State Street Achieves 2020 Environmental Goals Three Years Ahead of Schedule
State Street Corporation has released its 2016 Corporate Responsibility report, which highlights the company’s commitment to corporate citizenship, and environmental, social and governance activities. The report details how State Street exceeded its environmental goals set for 2020, three years ahead of schedule, including reducing greenhouse gas emissions and water use by 20 percent per person, and diverting 90 percent of waste sent to landfills. State Street was recently included on CR Magazine’s 100 Best Corporate Citizens list for 2017, jumping 30 spots since last year. The company ranked highest among banks included on the list.
Rick Pearl, Global Corporate Responsibility Officer for State Street [pictured], discussed the environmental goals for 2020, implementation and incorporation into long-term strategic planning, and corporate responsibility initiatives for beyond 2020—Jason Howell
JH: When did you initiate the 2020 goals and what were your main objectives?
RP: Environmental issues are of increasing importance to our stakeholders, including employees, the communities in which we operate, clients and shareholders. From a business standpoint, more clients are expecting their financial service providers to offer products and services that address environmental issues. More than three years ago we set a series of goals to reduce our greenhouse gas emissions and water usage by 20 percent per person and to divert 90 percent of waste sent to landfills by 2020, compared to a 2012 baseline. State Street has either met or surpassed these goals in 2016, three years ahead of our original target.
JH: Can you provide details on how these initiatives were achieved?
RP: Our success reflects greater employee involvement in environmental initiatives all across our company, enhanced energy efficiency and recycling at our facilities and reduced commuting times due to flexible work arrangements, just to name a few.
JH: Which initiatives did you find most challenging to implement?
RP: Waste diversion was likely the most difficult for us to implement. Because we have such a high rate of recycling to begin with, it took a longer amount of time to reach our goal than for carbon and water.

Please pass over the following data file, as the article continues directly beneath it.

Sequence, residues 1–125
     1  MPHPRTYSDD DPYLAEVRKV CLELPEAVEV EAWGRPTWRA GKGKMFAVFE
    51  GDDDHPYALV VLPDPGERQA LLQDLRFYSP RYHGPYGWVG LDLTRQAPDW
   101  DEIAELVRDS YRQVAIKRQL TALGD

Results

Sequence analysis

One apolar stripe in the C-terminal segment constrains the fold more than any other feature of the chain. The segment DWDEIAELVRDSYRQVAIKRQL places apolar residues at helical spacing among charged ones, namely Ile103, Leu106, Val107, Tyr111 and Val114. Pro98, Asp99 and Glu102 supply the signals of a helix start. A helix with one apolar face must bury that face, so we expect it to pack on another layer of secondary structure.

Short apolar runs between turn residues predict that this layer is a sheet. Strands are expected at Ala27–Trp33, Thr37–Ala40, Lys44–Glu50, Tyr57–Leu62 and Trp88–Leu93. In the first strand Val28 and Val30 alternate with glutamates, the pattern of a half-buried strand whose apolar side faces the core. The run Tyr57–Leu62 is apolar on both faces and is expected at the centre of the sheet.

JH: How do you feel State Street is positioned relative to peers in incorporating environmental initiatives?
RP: Being a responsible citizen is a vital part of who State Street is and what we stand for as an organization. We were recently named to CR Magazine’s 100 Best Corporate Citizens list, ranked highest among banks.
JH: How does State Street set priorities and allocate corporate resources for environmental goals?
RP: Environmental factors have become part of State Street’s normalized decision-making processes, along with cost, etc. in real estate, procurement and IT, to name three key areas. The environmental goals are set by our environmental sustainability (ES) committee and approved by State Street’s Executive Corporate Responsibility committee. The ES committee evaluates company environmental data against contemporary international standards to determine its targets.
JH: Does State Street quantify the economic impact of ESG initiatives?
RP: As of December 31, 2016, SSGA had $176 billion in ESG assets under management, representing about 7 percent of total assets under management. With $176 billion in ESG assets under management, we have a broad perspective on the field of ESG investing and the varying client viewpoints that inform our approach. The majority of our ESG investments are in client-directed index strategies.
JH: In terms of specific business lines, is State Street looking to increase ESG investments under management and are special products being created to satisfy potential demand?
RP: To help investors better adopt ESG investment strategies, State Street offers a mix of investable products from low carbon and gender diversity ETFs to multi-factor risk analytics capabilities like ESG exposure reporting. We are often looking at new and innovative offerings to help clients move from ESG awareness to full integration.
JH: What are your other ongoing corporate responsibility initiatives and goals for beyond 2020, and how are they incorporated into State Street’s long-term corporate strategy?
RP: We’re building on our momentum by committing to new science-based targets to reduce our global greenhouse emissions by another 30 percent by 2025. State Street has invested in a number of projects during the year to offset carbon emissions from our operations and business travel, including the purchase of renewable energy certificates (RECs) to completely offset our North American electricity use. We also invested $418 million in renewable energy projects, including residential and utility solar and wind programs.